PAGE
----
• Startups
  • July 16, 2014

Managing Workplace Conflict For Small Businesses

By Lawbite Team

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We all know that workplace conflict is an expensive phenomenon. Aside from the misery that it can cause within the workforce, it can have a direct impact upon absence levels, instances of stress and productivity. However, most of us - including the most able of managers - find it difficult to respond to conflict and disputes effectively. Prevention is definitely better than cure, but conflict can even occur in positive working environments. It’s therefore essential that an organisation’s management team has the skills and knowledge to nip problems in the bud. If they can’t do this, disputes can escalate to grievances and employment tribunal claims. Many people may not realise, or not even give it a thought, that workplace conflict isn't just something for big businesses.

Small businesses and start-up companies are also susceptible to problems that can arise in any workplace anywhere of any size. In fact, these conflicts could possibly cause more problems as there are not so many employees there and some may feel that there is no escape from whatever is happening. There may well be only one department and the employee or employees in question may be experiencing conflict with all the other members of the company. There are many different ways this can be dealt with, here are just a few: Make employees aware of the damage – both personal and organisational – that disputes can cause and train them to handle disagreements and arguments in a more productive manner. Conflict is not a battle that can be won; everyone who is involved gets hurt in some way.

A working atmosphere that is poisoned by regular bouts of bad temper and inappropriate comments will never be one that motivates staff. Train managers and employees in the value of co-operation, teamwork and listening to others’ points of view. This can be achieved through role-playing exercises which are facilitated by an expert in resolving workplace conflict.

Managers should lead by example and demonstrate positive language and behaviour. By doing this, they will encourage an open culture where employees will have the skills to discuss problems honestly and reach agreement on what need to be done to solve them. Analyse the sources of conflict occurring in your workplace and identify action plans to address them.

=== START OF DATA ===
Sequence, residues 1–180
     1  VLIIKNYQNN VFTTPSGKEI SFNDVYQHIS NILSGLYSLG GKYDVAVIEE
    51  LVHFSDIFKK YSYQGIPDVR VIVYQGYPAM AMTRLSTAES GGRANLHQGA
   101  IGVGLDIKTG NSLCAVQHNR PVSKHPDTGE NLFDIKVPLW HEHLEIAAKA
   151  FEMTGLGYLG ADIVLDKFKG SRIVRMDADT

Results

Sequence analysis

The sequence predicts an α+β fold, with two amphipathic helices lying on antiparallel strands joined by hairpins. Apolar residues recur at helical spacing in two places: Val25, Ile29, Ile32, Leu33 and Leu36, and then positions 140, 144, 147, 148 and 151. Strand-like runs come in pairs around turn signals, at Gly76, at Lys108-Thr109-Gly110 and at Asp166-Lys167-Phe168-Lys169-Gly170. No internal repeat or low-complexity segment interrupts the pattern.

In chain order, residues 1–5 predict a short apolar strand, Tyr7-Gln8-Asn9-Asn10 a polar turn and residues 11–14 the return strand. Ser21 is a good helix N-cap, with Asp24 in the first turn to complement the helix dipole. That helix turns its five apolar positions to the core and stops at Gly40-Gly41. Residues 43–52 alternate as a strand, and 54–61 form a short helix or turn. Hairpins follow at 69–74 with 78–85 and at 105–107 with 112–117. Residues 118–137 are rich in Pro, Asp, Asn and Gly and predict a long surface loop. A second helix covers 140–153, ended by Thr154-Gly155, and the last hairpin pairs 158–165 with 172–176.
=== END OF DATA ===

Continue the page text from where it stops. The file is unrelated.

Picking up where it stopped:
The main causes included personality clashes, an aggressive culture, poor communications channels, differing values, under-performance from certain individuals or departments and a lack of resources. Again, tactics that encourage collaboration or compromise are generally the best ways to minimise the sources of workplace conflict. On top of this, a no-blame culture will encourage staff to admit mistakes and correct them in a positive way. Using an external mediator is a tried and tested method of resolving difficult situations at work.

While there is obviously a cost involved, companies often find that the amount they spend is less than the price of doing nothing. In addition, a trained and expert mediator will be able to produce faster and more positive results. Over half of companies that responded to a 2011 CIPD survey on conflict management reported that a benefit of using commercial mediation was the avoidance of employment tribunal claims.

Whatever solutions you adopt, make sure that you apply the SMART principles: Specific, Measurable, Achievable, Realistic and Timely. At both individual dispute and overall strategic levels, everyone must be clear on what will happen and what success looks like. It’s also crucial that you monitor the results of your actions so that you know which tactics to use in the future and which to avoid.   

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In closing

Nothing in this article constitutes legal advice on which you should rely. The article is provided for general information purposes only. Professional legal advice should always be sought before taking any action relating to or relying on the content of this article. Our Platform Terms of Use apply to this article.

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